BERLIN — The European Commission on Wednesday paved the way for Rupert Murdoch’s takeover of Premiere, Germany’s biggest pay TV operator.
Murdoch’s News Corp. has become the paybox’s single largest shareholder after continually upping its stake to 25% since the beginning of the year.
The European Commission said it would allow the deal on the condition that Premiere continued to allow rivals access to its satellite set-top boxes, adding that the agreement would ease worries of News Corp. dominating the Teutonic pay TV market and strengthen Premiere’s leading position here.
The multichannel paybox’s top attractions remain live German Bundesliga soccer and Formula One racing, as well as exclusive films and TV series in addition to pay outlets from NBC Universal, Sony, Disney as well as local players RTL, ProSiebenSat.1 and Kinowelt.
The leading pay TV operator in Germany and Austria, Premiere has some 4.2 million subscriber households.
Company is in the process of switching its encryption technology to News Corp.’s own NDS VideoGuard, a move that had sparked concerns among some market players who feared third parties would be excluded from Premiere’s satellite platform.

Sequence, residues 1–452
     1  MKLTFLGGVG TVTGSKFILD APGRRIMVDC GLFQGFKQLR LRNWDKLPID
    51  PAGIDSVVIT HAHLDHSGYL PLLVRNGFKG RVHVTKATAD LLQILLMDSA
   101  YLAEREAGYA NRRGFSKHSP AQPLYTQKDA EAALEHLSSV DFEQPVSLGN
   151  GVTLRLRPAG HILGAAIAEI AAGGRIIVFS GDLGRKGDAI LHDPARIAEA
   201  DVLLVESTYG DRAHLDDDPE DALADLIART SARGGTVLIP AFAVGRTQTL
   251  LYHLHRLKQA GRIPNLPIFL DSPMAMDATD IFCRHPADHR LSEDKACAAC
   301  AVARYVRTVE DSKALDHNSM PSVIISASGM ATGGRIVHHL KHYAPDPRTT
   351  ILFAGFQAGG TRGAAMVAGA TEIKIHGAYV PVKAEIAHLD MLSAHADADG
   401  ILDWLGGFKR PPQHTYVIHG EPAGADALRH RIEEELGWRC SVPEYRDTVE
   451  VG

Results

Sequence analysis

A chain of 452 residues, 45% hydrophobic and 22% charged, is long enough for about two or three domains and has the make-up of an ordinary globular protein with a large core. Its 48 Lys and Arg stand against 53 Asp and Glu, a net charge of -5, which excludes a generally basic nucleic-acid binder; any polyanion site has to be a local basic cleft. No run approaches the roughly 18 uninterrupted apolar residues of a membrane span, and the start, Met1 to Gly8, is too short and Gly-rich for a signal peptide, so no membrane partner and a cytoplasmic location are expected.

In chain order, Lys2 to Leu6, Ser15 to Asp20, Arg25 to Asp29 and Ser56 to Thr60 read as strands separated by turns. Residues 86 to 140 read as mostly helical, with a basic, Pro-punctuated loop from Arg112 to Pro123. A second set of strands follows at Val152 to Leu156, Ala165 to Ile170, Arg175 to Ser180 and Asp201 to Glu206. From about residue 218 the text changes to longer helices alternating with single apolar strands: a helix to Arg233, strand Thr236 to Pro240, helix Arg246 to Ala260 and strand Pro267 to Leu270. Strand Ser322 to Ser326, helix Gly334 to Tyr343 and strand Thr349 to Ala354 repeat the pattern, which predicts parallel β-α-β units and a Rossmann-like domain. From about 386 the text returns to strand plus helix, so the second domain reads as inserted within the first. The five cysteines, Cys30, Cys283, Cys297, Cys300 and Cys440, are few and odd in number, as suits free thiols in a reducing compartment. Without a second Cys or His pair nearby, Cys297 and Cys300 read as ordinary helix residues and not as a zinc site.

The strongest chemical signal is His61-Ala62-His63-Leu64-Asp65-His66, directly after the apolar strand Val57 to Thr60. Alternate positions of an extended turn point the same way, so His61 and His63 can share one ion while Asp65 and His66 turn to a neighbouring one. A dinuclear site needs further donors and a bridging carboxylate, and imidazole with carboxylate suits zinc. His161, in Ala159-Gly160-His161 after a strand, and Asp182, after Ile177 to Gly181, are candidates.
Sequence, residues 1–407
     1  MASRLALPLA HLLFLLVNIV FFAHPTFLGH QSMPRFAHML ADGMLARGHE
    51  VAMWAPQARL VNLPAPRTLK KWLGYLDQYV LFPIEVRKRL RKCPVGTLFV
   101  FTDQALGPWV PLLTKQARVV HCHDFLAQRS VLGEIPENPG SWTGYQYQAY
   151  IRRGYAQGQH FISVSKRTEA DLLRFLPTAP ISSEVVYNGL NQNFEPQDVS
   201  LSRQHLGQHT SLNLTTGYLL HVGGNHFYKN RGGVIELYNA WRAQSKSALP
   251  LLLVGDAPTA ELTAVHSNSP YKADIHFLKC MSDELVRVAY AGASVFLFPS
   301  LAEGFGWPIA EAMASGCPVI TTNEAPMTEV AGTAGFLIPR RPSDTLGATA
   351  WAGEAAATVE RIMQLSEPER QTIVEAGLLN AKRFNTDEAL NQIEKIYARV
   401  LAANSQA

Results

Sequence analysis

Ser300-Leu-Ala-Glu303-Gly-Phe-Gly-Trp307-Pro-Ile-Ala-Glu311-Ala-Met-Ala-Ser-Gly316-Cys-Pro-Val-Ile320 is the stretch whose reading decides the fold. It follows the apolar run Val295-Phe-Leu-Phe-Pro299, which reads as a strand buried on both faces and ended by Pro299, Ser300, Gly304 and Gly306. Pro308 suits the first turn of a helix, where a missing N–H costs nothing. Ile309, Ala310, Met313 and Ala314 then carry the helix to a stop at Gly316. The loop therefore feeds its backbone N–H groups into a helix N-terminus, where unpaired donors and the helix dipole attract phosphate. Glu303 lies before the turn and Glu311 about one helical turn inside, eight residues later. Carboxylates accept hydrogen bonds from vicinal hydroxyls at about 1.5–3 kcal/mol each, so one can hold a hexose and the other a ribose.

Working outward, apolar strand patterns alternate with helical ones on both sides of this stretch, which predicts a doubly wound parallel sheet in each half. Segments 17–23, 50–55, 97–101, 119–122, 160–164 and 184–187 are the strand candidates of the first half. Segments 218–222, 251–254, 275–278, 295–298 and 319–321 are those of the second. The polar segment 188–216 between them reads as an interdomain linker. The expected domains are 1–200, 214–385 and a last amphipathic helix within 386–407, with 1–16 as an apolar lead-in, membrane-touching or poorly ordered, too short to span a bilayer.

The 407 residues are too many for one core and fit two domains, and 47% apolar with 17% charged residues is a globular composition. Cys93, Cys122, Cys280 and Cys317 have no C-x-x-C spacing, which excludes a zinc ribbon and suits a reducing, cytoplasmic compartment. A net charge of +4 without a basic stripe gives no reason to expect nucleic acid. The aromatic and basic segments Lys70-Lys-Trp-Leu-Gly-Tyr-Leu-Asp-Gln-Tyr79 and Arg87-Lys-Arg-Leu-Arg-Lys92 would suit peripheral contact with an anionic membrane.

The European watchdog said News Corp. had promised to allow third-party access to the platform, which serves Germany and Austria.
Earlier this month Premiere expanded its supervisory board to include News Corp. reps Thomas Mockridge, chief exec of Sky Italia, and Mark Andrew Williams, News Corp.’s chief financial officer for Europe and Asia.
If Murdoch decides to buy more than 30% of Premiere he will be legally obligated to make a takeover offer to the feevee’s minority shareholders. Nearly 38.5% of the paybox is publicly traded, with the remainder owned by several private equity firms and Premiere execs.